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A Review of Nwachukwu Egbunike’s BLAZING MOON.

Perhaps it is necessary to make it clear that the persona in Blazing Moon is not a total sadist who is only bent on shaming and ridiculing others. As a matter of fact, it might be more accurate to speak of “personas” rather than a “persona” since the voice in Blazing Moon switches between that of a male and a female’s and between the first person and second person. These personas are also interested in the environment, the society, geopolitics, ethics and religion.
Blazing Moon looks like a mural with motifs drawn from the ordinary to the extraordinary; from the natural to the supernatural. With hardly any room for frivolity, the world it intends to depict is so orderly it seems dangerous. And that, for me, is a cause for concern. Continue reading

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A REVIEW OF TADE IPADEOLA’S THE SAHARA TESTAMENT

Tade Ipadeola has proven to be one of the last flag bearers of the old guard who still insist on keeping poetry as an art/for only the strong-hearted. Those are the very few who knows what it is to wait upon the Muse to drop on their souls words that merge into phrases and grow into lines and stanzas until they read like chants by the oracles of Delphi. With The Sahara Testaments (and works like it),Tade Ipadeola (and others like him) has in no small way renewed the faith of many who had contemplated giving up on poetry since after the band of cavaliers broke through the gates and hijacked the stage. Continue reading

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DIARY OF A NAGGER (A Review of Timi Rowland Kpakiama’s SONG OF BENASORO)

Benasoro is a total aberration of “Hell hath no fury like a woman scorned.” She lacks the jealousy of Cleopatra. Where you expect her to fight her rival, she whiningly complains to her inattentive clansmen. Where you expect her to be reasonable, she jeers at her rival from a safe distance. No psychoanalyst will take Benasoro seriously. Not because her case is irredeemable but because she is unstable. One moment she is deriding ballroom dancing and another moment she becomes very interested in it she wants to learn it. One moment she admits that Cecilia “drinks from the clay pot” and then later she tells us that Cecilia is so posh she doesn’t “drink from our water pot…” Continue reading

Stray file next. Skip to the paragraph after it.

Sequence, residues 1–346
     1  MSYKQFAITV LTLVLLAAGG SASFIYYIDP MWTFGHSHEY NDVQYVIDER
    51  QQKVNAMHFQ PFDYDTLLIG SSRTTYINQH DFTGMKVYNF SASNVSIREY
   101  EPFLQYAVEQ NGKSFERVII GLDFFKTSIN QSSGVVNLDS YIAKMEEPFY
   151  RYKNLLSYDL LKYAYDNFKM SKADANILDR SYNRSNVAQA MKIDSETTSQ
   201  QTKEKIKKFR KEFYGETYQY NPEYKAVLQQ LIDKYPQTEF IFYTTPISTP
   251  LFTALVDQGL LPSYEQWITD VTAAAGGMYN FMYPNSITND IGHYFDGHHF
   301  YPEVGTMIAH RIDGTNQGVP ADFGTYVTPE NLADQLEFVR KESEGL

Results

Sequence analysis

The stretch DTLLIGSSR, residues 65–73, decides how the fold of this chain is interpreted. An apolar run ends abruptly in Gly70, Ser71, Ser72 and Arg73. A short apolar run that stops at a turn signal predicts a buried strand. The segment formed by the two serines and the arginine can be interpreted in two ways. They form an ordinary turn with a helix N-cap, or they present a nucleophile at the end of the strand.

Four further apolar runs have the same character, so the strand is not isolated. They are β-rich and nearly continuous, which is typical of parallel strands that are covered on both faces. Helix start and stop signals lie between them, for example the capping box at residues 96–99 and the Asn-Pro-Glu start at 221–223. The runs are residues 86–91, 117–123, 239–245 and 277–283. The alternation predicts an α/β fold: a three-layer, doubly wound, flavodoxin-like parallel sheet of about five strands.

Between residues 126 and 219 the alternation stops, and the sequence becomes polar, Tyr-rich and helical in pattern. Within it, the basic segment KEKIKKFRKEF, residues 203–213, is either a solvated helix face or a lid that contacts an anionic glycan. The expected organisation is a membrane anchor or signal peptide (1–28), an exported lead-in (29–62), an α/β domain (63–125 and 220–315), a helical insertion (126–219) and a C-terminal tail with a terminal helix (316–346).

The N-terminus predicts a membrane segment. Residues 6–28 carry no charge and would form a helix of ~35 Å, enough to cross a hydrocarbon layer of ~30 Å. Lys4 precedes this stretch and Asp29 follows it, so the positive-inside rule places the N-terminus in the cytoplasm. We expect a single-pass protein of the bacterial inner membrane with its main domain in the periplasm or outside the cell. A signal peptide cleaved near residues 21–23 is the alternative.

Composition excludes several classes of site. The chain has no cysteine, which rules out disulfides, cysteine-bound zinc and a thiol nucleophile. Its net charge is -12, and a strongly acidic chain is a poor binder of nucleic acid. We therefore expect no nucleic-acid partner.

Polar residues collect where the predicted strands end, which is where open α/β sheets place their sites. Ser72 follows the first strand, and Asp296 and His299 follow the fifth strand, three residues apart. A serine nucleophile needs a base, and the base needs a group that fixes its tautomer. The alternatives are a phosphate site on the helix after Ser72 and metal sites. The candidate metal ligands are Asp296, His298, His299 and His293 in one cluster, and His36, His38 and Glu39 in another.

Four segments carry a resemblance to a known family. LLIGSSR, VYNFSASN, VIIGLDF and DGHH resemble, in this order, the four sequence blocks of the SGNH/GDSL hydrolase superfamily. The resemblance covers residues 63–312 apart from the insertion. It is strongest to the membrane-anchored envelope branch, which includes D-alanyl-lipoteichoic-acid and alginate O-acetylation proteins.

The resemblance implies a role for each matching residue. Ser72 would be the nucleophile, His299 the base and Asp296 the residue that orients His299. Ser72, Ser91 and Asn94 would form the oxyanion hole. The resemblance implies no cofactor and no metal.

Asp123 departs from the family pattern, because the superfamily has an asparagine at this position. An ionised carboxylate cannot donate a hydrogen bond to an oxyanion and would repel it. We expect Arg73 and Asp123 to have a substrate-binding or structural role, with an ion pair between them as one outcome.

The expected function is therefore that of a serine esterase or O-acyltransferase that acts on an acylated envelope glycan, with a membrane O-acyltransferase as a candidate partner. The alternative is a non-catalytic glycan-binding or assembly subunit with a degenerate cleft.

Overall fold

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THE AMAZON EIGHT (A (Partial) Review of The Sky is our Earth)

Title: The Sky is our Earth (An Anthology of 50 Young Nigerian Poets) Editors: Abasi Torty Tortivie, Senator Ihenyen & Emmanuel Dairo Genre: Poetry Format: Paperback Extent: 185 pages ISBN: 978-978-52838-6-0 Publisher: WriteHouse Collective “… I hear a tongue shriller … Continue reading

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NOSTALGIA, HOMESICKNESS AND HOPE (A Review of Su’eddie Vershima Agema’s HOME EQUALS HOLES)

But Su’eddie Vershima Agema’s HOME EQUALS HOLES is not all gloom and gnashing of teeth. There is also hope for blue skies and sunshine. There is no certainty, though. There is only hope. Besides, what makes one to even bother to wake up from sleep if not the hope that the new day would be better than the previous one? Continue reading